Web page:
This month a new study entitled ‘Reliability of self reported form of female genital mutilation and WHO classification: cross sectional study’ has been published in the British Medical Journal (BMJ), on 15th July 2006. The research which was conducted by Susan Elmusharaf, Nagla Elhadi and Lars Almroth, in Sudan sought to assess the reliability of self reported forms of Female Genital Mutilation (FGM) and to compare the extent of cutting verified by a clinical examination to corresponding World Health Organisation classification. Previous studies had investigated the consistency between self reported and clinically determined of FGM; however there were no studies assessing the consistency of the self reporting of different forms of FGM.
The study shows that the self reporting of different forms of FGM is unreliable and under-reporting was common. The authors suggest that this should be considered as a factor in the interpretation of studies based on interviews – without medical verification – showing a change in a community’s practice towards the less severe forms of FGM. The study concludes that there could be other reasons for the increase in reporting milder forms, rather than an actual change in practice.
The results indicate an extensive over-reporting of the form of FGM traditionally known as ‘sunna’ which refers to the removal of the prepuce of the clitoris only. The study provides evidence of the alarming tendency to use the term ‘sunna’ to refer to all different types of FGM. Among the participants who reported ‘sunna’, there was not actually a single woman who had undergone the removal of the prepuce of the clitoris only; all had more extensive and harmful forms of FGM. This finding is supported by previous reports in Sudan and Tanzania and throughout our own work with girls and women affected by FGM we have also found that women are not always aware of the exact type or extent of FGM which they have undergone.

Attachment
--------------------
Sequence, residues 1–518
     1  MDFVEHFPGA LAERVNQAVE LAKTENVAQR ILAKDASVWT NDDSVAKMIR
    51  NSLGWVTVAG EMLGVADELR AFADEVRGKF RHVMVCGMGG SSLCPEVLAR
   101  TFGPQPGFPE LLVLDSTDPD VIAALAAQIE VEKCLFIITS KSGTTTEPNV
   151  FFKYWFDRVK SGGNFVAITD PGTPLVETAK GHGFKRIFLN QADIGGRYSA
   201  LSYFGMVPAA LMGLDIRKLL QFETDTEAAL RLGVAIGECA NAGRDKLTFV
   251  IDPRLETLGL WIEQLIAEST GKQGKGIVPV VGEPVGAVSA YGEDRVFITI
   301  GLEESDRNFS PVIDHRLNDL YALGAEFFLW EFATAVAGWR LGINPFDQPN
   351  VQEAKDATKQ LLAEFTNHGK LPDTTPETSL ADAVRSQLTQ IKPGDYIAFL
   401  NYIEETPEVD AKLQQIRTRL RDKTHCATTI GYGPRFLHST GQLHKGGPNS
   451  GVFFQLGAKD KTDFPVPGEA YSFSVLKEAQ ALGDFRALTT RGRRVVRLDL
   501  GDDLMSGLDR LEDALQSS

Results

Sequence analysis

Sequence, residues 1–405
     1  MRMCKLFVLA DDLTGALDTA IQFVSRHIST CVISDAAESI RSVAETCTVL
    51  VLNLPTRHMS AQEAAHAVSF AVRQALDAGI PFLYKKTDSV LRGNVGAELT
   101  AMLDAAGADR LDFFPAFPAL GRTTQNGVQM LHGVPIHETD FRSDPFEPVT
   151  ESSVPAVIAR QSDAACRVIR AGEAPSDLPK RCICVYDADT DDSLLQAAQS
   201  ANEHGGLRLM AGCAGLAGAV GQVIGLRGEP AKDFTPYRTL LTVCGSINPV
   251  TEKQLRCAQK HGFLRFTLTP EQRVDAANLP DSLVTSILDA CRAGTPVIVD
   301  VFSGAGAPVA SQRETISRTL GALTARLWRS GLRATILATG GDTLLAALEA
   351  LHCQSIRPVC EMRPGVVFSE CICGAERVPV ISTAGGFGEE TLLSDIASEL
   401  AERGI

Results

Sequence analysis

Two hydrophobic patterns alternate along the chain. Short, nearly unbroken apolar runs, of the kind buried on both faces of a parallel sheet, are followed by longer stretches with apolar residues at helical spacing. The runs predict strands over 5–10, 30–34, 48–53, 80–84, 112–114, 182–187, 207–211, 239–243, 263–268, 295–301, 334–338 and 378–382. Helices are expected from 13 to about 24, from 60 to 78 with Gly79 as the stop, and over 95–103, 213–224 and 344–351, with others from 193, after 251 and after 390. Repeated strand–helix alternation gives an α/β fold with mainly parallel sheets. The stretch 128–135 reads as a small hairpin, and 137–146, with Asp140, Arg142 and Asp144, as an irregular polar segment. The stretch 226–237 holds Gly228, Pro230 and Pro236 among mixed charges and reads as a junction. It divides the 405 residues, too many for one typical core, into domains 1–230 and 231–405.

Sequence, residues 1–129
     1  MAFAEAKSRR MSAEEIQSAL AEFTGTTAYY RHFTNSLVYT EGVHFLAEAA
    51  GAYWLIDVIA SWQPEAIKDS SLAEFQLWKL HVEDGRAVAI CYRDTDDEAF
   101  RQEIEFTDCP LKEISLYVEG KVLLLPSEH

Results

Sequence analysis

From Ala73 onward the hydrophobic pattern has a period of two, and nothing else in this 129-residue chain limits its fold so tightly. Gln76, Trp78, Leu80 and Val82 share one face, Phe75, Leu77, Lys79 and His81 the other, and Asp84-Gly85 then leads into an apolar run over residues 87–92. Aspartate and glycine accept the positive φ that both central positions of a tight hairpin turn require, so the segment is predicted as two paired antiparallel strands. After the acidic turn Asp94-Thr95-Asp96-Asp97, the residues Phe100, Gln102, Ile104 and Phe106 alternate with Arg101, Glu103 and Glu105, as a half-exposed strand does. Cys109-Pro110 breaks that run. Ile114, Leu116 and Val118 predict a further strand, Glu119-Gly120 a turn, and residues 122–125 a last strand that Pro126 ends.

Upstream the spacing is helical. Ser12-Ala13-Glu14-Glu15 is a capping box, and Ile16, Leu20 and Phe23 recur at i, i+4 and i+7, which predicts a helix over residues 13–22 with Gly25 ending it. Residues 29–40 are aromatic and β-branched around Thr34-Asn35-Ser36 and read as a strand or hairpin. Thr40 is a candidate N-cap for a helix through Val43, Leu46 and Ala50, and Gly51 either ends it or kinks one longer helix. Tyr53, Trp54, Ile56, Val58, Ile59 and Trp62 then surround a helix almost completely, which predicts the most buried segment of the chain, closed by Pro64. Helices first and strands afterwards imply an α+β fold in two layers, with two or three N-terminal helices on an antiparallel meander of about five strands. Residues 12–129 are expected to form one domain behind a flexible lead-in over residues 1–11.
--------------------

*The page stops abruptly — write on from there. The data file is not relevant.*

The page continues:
The word ‘sunna’ refers to the ‘ways or customs’ of the prophet Muhammad, however, by using the term ‘sunna,’ the practice is associated with Islam and given a religious value, even though FGM is not an Islamic requirement, in fact no religions doctrine advocates the practice of FGM. Thus, one possible reason for the widespread under-reporting in this study, of the extent of the form of FGM women have undergone could be an attempt to exonerate the practice by using a religious justification.
The authors, of the research, recommend that in studies estimating the prevalence of different types of FGM, without verification of a medical examination, women should be asked to explain the term that they use, including the extent of the cutting. To facilitate this process the authors make the additional recommendation of the use of visual aids.
The full article in the British Medical Journal is available online here.